It was at this juncture that McMahon made another very body-conscious choice: instead of merely steroid-enhanced bodies, he’d give them phantasmagoric bodies. Drawing on lessons learned from the modest success of the small Eastern Pennsylvania/New Jersey-based Extreme Championship Wrestling (ECW), McMahon began building his federation around the premise, championed in years past by proto-hardcore Southern promoters like Eddie Graham and Joe Blanchard, that “matches had to go red before they went green.” To this end, McMahon spotlighted oft-injured risk-takers (Mick “Mankind/Cactus Jack/Dude Love” Foley, the Hardy Boys, the Dudley Boys), extraordinary racial and ethnic caricatures (a “Godfather” who arrived at the ring accompanied by his “Hos” and served in the faux-African-American nationalist organization known as “the Nation of Domination”), and a seemingly endless array of anonymous female “Diva” performers, nearly all of whom conformed—if the numerous sexual harassment allegations are to be believed—to McMahon’s exacting standards of beauty.
Owing to the terrible press he’d received throughout a career spent profiting from the pretend-yet-real violence inflicted on bodies that were neither insured nor unionized and hoping to capitalize on the tremendous “heat” (i.e., fan dislike) that he’d earned by stripping Bret Hart of his world title, McMahon also decided that there was considerable money to be made by putting his own body on the line. Over the course of a half-decade run as the WWF’s top heels, McMahon and his son Shane would take some of the nastiest “bumps” (i.e., feigned falls designed to simulate injury, and which often result in actual injury) in the federation’s history. They would do so while giving the WWF/WWE’s largely working-class demographic the ultimate “heel”: the seemingly untouchable owner, who wielded the power of life and death over the bodies of his employees.
Tabloid columnists like Dave Meltzer and Wade Keller helped shift the attention of serious wrestling fans from the “worked” storylines that realism-obsessed promoters such as Bill Watts and Verne Gagne insisted on providing them with to the backstage maneuverings that precipitated title changes, firings, and other personnel moves. Although it’s unclear how much impact a low-circulation, self-published journal such as Meltzer’s Wrestling Observer Newsletter had on the broader population of “marks” (i.e., fans who believe that wrestling outcomes aren’t predetermined), it certainly influenced many of the sports’ decision-makers during the 1980s and 1990s. All of them, that is, except Vince McMahon.
The difference between “kayfabe” and openly “worked” wrestling had never mattered much to McMahon. He never met a midget, obese hillbilly, or ex-luchador in a chicken suit he wouldn’t book on his pay-per-view card. In the opinions of former promoters Bill Watts and Larry Matysik, the WWF matches were always the worst in the country. With the exception of amateur star Bob Backlund, who had six-year run as champion in the late-1970s, there was no pretense of “real” wrestling made in most WWF main events: Ivan Putski-versus-Jesse Ventura arm wrestling matches, Bruno Sammartino bearhugs, and “Superstar” Billy Graham bodybuilding pose-downs were the order of the day. And even though McMahon may have ordered “Dr. D” David Schultz to rough up investigative reporter John Stossel in 1984 when Stossel was attempting to expose the business, he had no problem admitting in 1989 that professional wrestling was mere “entertainment” in order to obviate the ongoing need to pay the state athletic commissions that had once constituted an essential part of the “kayfabe” sham.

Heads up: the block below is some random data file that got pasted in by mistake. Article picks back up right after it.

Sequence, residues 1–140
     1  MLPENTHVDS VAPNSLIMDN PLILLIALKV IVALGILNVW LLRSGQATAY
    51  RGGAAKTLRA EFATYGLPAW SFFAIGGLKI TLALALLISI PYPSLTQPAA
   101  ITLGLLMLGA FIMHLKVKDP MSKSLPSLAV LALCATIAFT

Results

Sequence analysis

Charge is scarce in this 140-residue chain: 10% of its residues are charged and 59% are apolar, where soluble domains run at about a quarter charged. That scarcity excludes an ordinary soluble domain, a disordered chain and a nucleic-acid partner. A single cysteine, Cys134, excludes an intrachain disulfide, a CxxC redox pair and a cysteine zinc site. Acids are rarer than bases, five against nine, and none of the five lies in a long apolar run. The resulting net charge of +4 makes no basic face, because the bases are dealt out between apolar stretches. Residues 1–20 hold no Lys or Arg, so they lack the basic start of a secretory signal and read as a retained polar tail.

In a statement to the New Jersey Senate, which was contemplating whether to remove professional wrestling from the purview of its athletic commission, the WWF declared that it was in the business of producing “an activity in which participants struggle hand-in-hand primarily for the purpose of providing entertainment to spectators rather than conducting a bona fide athletic contest.”
Mind you, McMahon was likely not happy to see David Meltzer sitting across from him on a 1992 episode of The Phil Donahue Show, listening to Meltzer and one of his colleagues level accusations about McMahon’s role in the Zahorian steroid contretemps as well as Pat Patterson’s backstage sexual harassment of male midget wrestlers. But he maintained his composure during the show, rebutting Meltzer’s charges while sticking to a handful of talking points—a kind of pressure under fire honed, no doubt, over the course of a lifetime spent on the receiving end of lawsuits and criminal investigations. Thus, when WCW head booker Eric Bischoff managed to increase his promotion’s ratings in the mid-1990s by playing into the hands of these tabloid writers, hiring old and unproductive WWF wrestlers just to bolster “smark” (i.e., smartened-up fan, as in the case of fans who read Meltzer’s newsletter) interest, McMahon stayed the course. While Bischoff was hiring washed-up grapplers to headline his cards, McMahon offered the fans something different: vulgar bloodbaths, plenty of t & a, and relative unknowns who, as with Hulk Hogan and Randy Savage before them, became stars in principal part because McMahon gave them the opportunity to shine.